posted on Thursday, November 20, 2008 at 8:08 PM by Giles


#1 point- something to think about. We are building ScrumPad supported by services (consulting, coaching, training, implementation). We think product and service feed each other. However, we are being tempted to do customization to the product. But, I understand the cost of going down that path. 
 
Thanks, 
 
Syed

posted on Friday, November 21, 2008 at 1:42 AM by Syed Rayhan


We picked a difficult time to transition from services to products though Dharmesh I would feel scaling services often needs you scale head count versus products where you can still scale without increasing head count at the same rate. Perhaps it depends on the nature of the services you offer too. For us the more services accounts we handle, the more headcount we need to keep up so it can scale but at an exponential cost. 
 
Neil 
ReadyContacts.com

posted on Friday, November 21, 2008 at 8:13 AM by Neil Sequeira


I actually disagree with #3. 
 
I think that if the services you sell center around a customer-specific modification to your product, you should accept it, even if it will not bring much value for a future version.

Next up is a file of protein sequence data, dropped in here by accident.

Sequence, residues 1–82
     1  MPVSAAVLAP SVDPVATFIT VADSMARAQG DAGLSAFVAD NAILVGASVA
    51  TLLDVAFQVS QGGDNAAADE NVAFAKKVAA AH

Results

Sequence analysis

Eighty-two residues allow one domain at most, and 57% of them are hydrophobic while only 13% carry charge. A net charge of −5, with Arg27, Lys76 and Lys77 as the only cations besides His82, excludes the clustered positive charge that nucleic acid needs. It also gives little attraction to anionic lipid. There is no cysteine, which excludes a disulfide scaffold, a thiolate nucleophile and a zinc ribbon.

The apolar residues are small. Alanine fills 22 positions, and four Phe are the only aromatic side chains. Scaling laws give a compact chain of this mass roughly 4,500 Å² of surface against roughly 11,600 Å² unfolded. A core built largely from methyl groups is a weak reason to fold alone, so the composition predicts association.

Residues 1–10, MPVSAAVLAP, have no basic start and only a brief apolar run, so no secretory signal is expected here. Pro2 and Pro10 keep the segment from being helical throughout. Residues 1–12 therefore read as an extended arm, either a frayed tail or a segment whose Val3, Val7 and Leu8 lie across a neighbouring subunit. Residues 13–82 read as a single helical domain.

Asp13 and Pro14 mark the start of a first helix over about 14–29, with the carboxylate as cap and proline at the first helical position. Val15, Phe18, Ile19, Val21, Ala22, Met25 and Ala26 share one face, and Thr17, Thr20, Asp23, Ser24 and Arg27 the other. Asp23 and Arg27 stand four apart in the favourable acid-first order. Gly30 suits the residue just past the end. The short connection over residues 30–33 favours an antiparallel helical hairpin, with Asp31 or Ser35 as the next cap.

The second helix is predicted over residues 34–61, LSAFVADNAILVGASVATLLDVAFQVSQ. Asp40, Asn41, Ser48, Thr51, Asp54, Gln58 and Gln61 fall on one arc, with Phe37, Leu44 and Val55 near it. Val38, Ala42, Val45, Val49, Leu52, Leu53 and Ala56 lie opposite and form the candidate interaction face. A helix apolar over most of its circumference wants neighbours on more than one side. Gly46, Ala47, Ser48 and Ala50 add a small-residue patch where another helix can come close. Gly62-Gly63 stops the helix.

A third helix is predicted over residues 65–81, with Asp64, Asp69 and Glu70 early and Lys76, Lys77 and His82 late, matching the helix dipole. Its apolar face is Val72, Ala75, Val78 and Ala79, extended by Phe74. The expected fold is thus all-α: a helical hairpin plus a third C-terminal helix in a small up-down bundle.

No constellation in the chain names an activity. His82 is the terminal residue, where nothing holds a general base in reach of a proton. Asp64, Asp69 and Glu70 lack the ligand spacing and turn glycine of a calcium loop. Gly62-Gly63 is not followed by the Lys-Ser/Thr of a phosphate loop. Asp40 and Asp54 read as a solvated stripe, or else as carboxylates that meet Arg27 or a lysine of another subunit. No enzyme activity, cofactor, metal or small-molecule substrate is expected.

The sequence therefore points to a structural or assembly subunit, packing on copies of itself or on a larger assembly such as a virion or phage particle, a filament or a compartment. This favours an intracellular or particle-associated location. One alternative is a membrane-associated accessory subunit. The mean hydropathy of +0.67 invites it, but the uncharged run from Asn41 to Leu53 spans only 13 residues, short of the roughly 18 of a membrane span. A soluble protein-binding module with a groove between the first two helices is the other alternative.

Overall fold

That customization may differentiate your services from others that are not willing to made the customizations for their customers. 
Of course the revenue from such services should be higher, since they will not, probably, be used by others.

posted on Friday, November 21, 2008 at 11:49 AM by Fernando Martins


I believe this advice is sound. We started as a services group - and turned ourselves into a product company during the 2001 downturn. We capitalized on our experience and code assets - but used services to carry our business forward. 
 
 
 
This downturn finds us as product company generating more revenue from product than consulting. It is much easier going into this downturn with our broader customer base.